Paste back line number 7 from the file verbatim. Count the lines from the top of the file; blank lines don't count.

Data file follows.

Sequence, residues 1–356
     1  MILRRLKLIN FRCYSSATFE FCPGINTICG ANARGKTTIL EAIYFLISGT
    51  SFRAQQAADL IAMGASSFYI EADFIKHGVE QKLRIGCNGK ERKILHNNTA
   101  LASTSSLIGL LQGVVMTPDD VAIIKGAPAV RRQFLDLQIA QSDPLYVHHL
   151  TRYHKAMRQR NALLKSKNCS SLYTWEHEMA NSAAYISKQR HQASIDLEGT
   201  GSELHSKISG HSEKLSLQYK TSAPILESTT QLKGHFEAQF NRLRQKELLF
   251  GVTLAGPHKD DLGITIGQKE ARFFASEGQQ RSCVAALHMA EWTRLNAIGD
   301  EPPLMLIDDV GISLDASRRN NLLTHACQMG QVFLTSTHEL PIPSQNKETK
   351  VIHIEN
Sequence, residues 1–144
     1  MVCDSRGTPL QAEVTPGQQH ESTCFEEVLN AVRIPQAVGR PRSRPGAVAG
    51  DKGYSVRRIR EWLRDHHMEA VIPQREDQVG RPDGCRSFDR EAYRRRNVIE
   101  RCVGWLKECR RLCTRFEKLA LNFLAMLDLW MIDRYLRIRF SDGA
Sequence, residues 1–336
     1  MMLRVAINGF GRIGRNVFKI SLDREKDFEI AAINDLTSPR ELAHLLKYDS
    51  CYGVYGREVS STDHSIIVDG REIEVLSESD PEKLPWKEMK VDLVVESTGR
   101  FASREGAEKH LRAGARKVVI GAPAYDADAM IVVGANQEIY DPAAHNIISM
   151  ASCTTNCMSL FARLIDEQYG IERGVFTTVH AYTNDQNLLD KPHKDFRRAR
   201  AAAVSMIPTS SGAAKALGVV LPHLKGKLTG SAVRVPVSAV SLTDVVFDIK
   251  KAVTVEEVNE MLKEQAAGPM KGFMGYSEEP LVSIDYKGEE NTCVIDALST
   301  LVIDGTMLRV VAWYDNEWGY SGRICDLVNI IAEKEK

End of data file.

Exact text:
   251  GVTLAGPHKD DLGITIGQKE ARFFASEGQQ RSCVAALHMA EWTRLNAIGD